“I've never been sick in the ABC,” informs Chvrches’ lead singer Lauren Mayberry helpfully, “but I've probably cried in the toilets.” Unsurprisingly for a young band who have spent the last month touring America, there’s a real sense of cut-loose homecoming as they return to their own city. Yet there are nerves too, coolly hidden beneath a professional exterior and the trio’s obvious joy to be doing this. Who wouldn’t feel a lump in the throat to be playing in a venue packed full with over a thousand people who were unknown just months before?
On such a large stage, in fact, the minimalism of Chvrches’ presence is stark, as if they’ve been designed for the smaller rooms they doubtless expected to be playing for a while longer and are working hard to make up the ground. The trio are lined up along the front of the stage - Mayberry gripping her mic stand in the middle, the baseball-capped Martin Docherty behind one of the keyboard podia shaped like a giant number 7 and the occasionally guitar-wielding Iain Cook (he’s known in Scotland for his decidedly un-Chvrches post-rock groups Aereogramme and Unwinding Hours) at the other.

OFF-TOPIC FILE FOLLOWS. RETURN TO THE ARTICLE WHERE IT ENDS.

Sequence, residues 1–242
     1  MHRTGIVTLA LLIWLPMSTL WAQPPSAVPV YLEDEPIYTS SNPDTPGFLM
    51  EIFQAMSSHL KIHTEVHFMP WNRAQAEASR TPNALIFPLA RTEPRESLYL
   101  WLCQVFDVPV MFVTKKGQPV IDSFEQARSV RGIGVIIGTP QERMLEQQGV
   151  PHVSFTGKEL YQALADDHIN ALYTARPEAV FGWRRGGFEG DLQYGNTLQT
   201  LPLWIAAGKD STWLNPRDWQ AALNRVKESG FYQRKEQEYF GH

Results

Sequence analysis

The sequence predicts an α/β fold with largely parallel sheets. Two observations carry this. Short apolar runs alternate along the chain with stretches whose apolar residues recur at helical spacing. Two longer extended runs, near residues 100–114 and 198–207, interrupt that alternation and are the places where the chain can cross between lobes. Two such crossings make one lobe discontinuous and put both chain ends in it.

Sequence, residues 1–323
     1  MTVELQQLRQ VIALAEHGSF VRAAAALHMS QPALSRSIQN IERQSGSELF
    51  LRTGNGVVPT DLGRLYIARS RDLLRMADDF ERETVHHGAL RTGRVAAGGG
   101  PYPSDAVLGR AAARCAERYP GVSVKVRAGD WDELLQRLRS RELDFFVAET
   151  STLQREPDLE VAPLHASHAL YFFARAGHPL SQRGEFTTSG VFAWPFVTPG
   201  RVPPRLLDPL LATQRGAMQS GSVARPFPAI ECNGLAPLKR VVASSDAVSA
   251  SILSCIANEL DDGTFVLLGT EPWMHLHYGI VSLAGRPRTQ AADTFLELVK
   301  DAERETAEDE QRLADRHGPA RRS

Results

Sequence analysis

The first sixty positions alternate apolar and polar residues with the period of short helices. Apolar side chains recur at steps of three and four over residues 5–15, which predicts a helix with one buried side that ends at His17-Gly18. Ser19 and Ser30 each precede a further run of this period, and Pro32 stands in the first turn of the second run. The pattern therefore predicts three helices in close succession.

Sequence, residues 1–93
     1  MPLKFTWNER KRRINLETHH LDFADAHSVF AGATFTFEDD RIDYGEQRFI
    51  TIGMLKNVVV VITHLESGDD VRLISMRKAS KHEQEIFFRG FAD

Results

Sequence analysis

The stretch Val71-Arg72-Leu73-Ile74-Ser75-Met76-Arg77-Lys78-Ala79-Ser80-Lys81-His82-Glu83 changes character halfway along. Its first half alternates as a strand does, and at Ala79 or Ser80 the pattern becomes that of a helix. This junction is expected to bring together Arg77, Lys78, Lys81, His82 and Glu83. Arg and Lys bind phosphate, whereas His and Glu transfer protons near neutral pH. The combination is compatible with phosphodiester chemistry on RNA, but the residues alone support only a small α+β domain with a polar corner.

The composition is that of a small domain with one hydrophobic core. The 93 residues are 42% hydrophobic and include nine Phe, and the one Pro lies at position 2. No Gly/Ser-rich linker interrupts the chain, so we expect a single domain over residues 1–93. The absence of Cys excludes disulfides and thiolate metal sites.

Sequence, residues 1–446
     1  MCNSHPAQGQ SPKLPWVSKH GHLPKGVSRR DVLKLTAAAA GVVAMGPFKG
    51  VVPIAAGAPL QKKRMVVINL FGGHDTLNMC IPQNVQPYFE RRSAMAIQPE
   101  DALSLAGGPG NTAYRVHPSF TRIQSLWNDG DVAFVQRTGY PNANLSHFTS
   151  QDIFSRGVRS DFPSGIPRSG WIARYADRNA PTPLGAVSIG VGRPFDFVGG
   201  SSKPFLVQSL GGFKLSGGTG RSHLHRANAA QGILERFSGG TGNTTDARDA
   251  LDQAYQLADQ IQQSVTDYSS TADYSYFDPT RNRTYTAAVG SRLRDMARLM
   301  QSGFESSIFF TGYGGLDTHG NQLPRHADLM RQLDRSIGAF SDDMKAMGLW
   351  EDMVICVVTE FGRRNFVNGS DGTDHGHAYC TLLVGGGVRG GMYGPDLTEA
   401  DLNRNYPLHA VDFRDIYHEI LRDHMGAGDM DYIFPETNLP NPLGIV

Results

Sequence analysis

From the balcony it’s possible to see the acres of space behind them and their game but possibly unfamiliar efforts to inject some dancing movement into the show, both of which non-drastic failings are obscured by the banks of powerful multi-coloured lights around them. Although they’re a declared trio of equals – Mayberry has spoken out against misogyny in music and runs a feminist club night in Glasgow, and all three eschew the put-the-female-out-the-front school of promotion – it’s their lead singer’s voice and ability which pushes itself to the fore.
There are an unseemly number of good songs here for a 70-minute set, including the FIFA 14-soundtracking “We Sink”, the piercing choruses of “Gun”, “Recover” and especially “The Mother We Share”, and a crystalline cover of Whitney Houston’s “It's Not Right But It's Okay”. Each plays upon an utterly winning musical formula of bright, upbeat synthesiser lines which mix clubby volume with an unashamed nod to commercial ‘80s synth-pop, at the heart of which lies Mayberry’s voice. It’s a folky, accented sound which mixes an almost girlish tone with a heartening, mature focus, singing lyrics which hint at an epic story without ever really telling it. Her confidence is infectious: “Beyoncé wouldn't feel embarrassed about it,” she declares, having false-started on the closing song, “so neither will I.”